Tag Archives: euro exit

For Greece, ECB = End Close, Beware

The European Central Bank’s decision on Friday to stop accepting Greek government bonds as collateral was not the first such move made by Frankfurt but there was something distinctly ominous about the timing and implications of its choice.

“The ECB will assess their potential eligibility following the conclusion of the currently ongoing review, by the European Commission in liaison with the ECB and the IMF, of the progress made by Greece under the second adjustment program,” the central bank said.

The ECB has twice before this year refused Greek banks the ability to use government bonds to draw much-needed liquidity. The first was after the bond restructuring, or PSI, and the other was before the start of the bank recapitalization process. In both cases, Greek banks were excluded and had to rely on Emergency Liquidity Assistance (ELA) to gain access to funds. They have reportedly drawn more than 60 billion euros this way.

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An imperfect balance

A lot of time has been devoted to words over the past few days in Athens and other European capitals. Perhaps spending some time considering a few numbers might prevent Greece and its European partners soon having nothing left to say to each other.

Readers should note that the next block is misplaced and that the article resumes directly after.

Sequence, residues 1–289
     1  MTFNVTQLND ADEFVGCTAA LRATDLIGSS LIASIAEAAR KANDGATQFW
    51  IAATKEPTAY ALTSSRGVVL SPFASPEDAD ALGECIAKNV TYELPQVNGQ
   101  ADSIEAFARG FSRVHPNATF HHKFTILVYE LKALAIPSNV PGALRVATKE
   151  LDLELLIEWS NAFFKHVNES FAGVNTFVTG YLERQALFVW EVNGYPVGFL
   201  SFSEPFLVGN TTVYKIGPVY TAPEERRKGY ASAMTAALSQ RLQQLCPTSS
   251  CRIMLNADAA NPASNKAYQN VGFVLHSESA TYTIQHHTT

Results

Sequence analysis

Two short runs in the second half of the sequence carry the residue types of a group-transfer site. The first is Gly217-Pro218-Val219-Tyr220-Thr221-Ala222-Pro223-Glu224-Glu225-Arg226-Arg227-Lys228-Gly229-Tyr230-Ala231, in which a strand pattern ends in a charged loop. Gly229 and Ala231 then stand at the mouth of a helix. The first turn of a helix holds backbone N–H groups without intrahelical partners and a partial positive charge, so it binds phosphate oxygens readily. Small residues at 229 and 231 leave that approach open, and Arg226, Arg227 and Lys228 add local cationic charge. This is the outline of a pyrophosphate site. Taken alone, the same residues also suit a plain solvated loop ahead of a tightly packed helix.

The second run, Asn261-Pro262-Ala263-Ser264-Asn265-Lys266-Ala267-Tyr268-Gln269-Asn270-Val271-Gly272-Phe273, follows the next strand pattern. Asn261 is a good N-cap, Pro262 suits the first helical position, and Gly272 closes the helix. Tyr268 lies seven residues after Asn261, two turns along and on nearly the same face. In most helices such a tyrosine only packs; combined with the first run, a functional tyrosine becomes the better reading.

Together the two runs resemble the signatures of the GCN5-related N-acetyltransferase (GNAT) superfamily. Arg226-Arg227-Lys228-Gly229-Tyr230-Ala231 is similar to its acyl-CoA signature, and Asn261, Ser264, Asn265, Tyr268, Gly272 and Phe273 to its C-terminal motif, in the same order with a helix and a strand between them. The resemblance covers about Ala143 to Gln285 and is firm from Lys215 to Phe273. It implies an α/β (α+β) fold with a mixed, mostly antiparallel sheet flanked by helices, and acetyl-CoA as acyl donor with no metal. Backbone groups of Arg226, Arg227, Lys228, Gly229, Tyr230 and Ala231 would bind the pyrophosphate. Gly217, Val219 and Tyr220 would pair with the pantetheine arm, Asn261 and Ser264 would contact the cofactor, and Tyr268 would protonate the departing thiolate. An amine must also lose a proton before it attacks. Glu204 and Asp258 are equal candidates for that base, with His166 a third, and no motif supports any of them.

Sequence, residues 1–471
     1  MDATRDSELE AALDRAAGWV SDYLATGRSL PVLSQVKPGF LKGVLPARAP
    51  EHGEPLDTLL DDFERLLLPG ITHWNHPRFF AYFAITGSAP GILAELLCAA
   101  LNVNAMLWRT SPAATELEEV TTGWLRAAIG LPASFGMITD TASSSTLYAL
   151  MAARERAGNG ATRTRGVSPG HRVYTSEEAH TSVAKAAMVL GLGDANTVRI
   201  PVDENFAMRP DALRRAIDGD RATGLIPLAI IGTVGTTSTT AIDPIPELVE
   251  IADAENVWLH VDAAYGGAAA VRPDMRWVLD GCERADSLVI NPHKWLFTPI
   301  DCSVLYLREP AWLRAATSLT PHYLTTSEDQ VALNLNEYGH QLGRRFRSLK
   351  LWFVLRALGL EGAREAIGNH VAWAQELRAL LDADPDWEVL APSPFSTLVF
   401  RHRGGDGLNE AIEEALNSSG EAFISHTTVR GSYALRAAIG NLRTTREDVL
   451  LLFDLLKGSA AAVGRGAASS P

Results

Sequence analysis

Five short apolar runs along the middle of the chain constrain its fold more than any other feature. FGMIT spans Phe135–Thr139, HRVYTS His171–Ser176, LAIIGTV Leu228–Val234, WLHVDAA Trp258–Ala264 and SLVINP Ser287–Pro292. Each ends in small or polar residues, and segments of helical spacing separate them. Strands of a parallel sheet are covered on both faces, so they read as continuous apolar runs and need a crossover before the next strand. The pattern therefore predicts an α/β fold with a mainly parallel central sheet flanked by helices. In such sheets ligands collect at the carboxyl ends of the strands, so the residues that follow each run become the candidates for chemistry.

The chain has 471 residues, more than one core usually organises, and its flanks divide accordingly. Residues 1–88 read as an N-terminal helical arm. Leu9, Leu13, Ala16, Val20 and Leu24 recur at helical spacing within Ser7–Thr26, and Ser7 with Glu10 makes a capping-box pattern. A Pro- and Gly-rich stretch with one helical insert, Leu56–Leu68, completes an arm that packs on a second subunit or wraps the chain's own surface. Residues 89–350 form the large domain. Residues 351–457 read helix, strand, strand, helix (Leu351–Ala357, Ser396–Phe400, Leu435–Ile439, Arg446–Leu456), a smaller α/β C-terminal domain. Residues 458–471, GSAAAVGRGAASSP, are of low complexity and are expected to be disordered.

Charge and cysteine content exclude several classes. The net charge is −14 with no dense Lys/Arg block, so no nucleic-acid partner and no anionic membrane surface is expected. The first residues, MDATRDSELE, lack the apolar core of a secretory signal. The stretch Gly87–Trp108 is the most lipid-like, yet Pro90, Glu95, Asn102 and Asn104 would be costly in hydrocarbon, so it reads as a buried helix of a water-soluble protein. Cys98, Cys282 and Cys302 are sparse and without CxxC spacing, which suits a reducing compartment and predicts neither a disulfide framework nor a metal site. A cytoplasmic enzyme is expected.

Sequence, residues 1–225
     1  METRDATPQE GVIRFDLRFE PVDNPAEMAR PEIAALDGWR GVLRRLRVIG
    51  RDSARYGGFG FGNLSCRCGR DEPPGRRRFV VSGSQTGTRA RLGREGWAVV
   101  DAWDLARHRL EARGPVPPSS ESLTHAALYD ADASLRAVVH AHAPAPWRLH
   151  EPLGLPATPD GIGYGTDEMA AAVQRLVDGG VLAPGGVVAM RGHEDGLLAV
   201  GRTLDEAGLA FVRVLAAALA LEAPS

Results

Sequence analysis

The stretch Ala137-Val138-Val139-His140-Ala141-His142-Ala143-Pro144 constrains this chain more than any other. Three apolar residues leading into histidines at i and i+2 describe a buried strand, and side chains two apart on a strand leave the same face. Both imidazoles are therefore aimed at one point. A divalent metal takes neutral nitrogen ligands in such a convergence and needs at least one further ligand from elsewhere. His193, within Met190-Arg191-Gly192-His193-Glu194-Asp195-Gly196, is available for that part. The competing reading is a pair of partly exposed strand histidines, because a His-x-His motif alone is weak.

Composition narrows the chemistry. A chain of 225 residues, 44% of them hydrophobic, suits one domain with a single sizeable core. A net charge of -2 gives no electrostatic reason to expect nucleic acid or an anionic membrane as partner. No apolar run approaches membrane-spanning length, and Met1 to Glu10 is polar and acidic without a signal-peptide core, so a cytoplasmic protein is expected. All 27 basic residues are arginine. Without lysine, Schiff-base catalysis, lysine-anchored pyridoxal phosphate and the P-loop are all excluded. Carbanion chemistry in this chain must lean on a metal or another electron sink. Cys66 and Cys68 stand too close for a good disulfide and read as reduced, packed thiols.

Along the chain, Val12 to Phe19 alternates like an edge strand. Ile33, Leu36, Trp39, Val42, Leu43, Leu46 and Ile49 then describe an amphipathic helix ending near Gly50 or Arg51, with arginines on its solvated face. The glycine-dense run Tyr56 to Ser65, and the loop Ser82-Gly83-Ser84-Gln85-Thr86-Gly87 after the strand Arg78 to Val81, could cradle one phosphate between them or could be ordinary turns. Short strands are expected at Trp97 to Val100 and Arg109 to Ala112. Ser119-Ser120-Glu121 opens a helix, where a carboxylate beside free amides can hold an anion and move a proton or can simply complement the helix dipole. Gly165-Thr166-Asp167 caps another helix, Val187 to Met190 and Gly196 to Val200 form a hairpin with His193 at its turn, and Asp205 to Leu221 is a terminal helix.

Even the most faithful party apparatchik, blinded by an unexpected electoral victory or crushing defeat on May 6 could not fail to see that Greece faces the most urgent of economic problems. Figures released on Tuesday morning revealed that the Greek economy had contracted by 6.2 percent of GDP in the first quarter of 2012 compared to a year earlier. Many economists believe the economy will shrink by about 7 percent of GDP this year unlike the troika’s forecast for a contraction of under 5 percent.

The continuing deep recession is making any effort to boost public revenues a hopeless task. With revenues struggling, the weight is falling on public spending but Greece’s decision makers and its public administration have been unable to find smart and effective cuts to make. The public investment program, for instance, has been chopped to bits as a last resort, leaving almost nothing standing. The result is that Greece is still spending more than it can earn. Statistics published last week put the primary deficit (which does not include interest payments) for the first four months of the year at 1.68 billion euros. This is a significant improvement on last year when it stood at 3.56 billion euros during the same period but it still means that Greece is due to spend at least 5 billion euros more than it will raise in revenues this year.

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